The area for passage of the fiber ribbon between adjacent retention members provides a staggered configuration of retention and extension members. This, taken together with the location of the terminal ends of the retention members being above the area where the ribbon cable passes between adjacent retention members provides for increased density of splices, i.e., the ability to hold more splices in a smaller space.
The base preferably includes openings through the tray, generally in the area outward of the retention members, bounded at least in part by a shelf which further acts to keep the fiber spice engaged in the retention member. The opening allows the optic fiber extending from the splice to pass and the fiber to rest against the lower side of the shelf, preventing upward movement of the fiber that could dislodge the splice from the retention member. The openings are not bounded entirely on all sides, preferably including a diagonal passage for the fiber to enter the opening.
The following drawings, in which like reference characters designate like parts, are intended merely to illustrate the present invention without limiting the invention in any manner whatsoever, wherein:
FIG. 1 is a perspective view of the preferred embodiment of the fiber splice tray of the present invention.
FIG. 2 is a side elevation of the preferred fiber splice tray of the present invention.
FIG. 3 is a plan view of the preferred fiber splice tray of the present invention.
FIG. 4 is a rear perspective view of the preferred fiber splice tray of the present invention.
As shown in the FIGURES, and especially FIGS. 1 and 4, the fiber splice tray 2 of the present invention comprises a base member 4 and opposed retention members 6 projecting upwardly from said base 4 to a terminal end. The terminal ends of the retention members 6 include opposed arms 8 for holding at least a portion of a single fiber splice. Adjacent retention members 6 are separated by spaces 10 through which a fiber ribbon extending from a ribbon splice can pass.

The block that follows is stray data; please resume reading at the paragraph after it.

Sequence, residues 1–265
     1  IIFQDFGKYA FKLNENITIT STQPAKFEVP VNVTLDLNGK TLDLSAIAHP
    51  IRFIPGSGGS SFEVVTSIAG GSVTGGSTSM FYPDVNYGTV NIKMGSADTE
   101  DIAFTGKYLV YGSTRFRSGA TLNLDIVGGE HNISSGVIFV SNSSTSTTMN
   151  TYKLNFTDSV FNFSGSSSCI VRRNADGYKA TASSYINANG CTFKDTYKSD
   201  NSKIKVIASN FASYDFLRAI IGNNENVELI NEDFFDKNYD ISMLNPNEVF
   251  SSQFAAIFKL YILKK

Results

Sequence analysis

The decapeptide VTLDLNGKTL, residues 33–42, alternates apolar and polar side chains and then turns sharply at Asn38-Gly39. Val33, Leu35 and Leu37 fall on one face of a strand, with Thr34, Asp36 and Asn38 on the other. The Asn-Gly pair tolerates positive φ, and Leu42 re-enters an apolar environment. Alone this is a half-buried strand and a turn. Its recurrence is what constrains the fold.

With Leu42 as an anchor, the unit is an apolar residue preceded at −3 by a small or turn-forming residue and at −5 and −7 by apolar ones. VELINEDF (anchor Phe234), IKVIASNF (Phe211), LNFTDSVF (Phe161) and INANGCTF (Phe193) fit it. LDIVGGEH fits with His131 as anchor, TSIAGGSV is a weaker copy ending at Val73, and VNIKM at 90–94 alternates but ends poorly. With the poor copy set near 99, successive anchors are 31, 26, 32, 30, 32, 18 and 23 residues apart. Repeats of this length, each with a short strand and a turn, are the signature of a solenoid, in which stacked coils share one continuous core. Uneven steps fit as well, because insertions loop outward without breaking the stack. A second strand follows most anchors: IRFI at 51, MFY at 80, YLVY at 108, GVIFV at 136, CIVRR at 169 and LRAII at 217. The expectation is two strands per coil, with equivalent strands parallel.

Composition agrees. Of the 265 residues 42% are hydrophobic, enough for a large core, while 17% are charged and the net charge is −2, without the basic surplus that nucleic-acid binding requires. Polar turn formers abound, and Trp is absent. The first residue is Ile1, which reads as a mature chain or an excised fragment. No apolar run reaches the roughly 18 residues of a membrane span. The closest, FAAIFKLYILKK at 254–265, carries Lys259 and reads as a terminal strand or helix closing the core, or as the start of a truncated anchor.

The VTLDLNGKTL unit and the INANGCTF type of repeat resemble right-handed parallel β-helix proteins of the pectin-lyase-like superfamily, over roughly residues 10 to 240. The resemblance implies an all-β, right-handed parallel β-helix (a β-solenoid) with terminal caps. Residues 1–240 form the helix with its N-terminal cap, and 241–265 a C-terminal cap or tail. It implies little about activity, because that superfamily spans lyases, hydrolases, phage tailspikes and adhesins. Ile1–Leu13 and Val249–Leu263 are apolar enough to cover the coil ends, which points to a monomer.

The arms 8 at the terminal ends of the retention members 6 preferably extend more than 180° about the perimeter of a fiber splice placed in the opening between opposed arms 8 to securely capture the fiber splice. The distance between the opposed arms 8 is substantially the same as the diameter of a single fiber splice, the current standard for which is about 0.12″, at the widest point. To maintain the splice in place when engaged by the opposed arms, the distance between the ends of the arms 8 is slightly smaller, due to the arms 8 at the terminal end of the retention members 6 covering more than 180° of the perimeter of the splice.
As best seen in FIG. 2, the opposed rows of retention members 6 are preferably placed on the base 4 an opposed distance F of less than about 2.35″, with about 2.2″ being most preferred, measured at the farthest points. The most preferred distance generally corresponds to slightly less than the length of a single fiber splice, as currently known in the art, so that the ends of the splice extend beyond the retention members 6 for user manipulation when removing the fiber splice from the retention members 6.
The present invention also includes extension members 12 located within the area between the opposed rows of retention members 6 for holding fiber ribbon splices. Most preferably, the extension members 12 are spaced slightly inward from said retention members 6 (see FIG. 3).
The extension members 12 are preferably shorter than the retention members 6 so that they do not interfere with the openings between the opposed arms 8 at the terminal ends of the retention members 6. The shorter configuration of the extension members 12 in combination with the placement of the ribbon cable between adjacent retention members 6 provides for the splices to be staggered, providing increased density for holding more splices in a smaller space.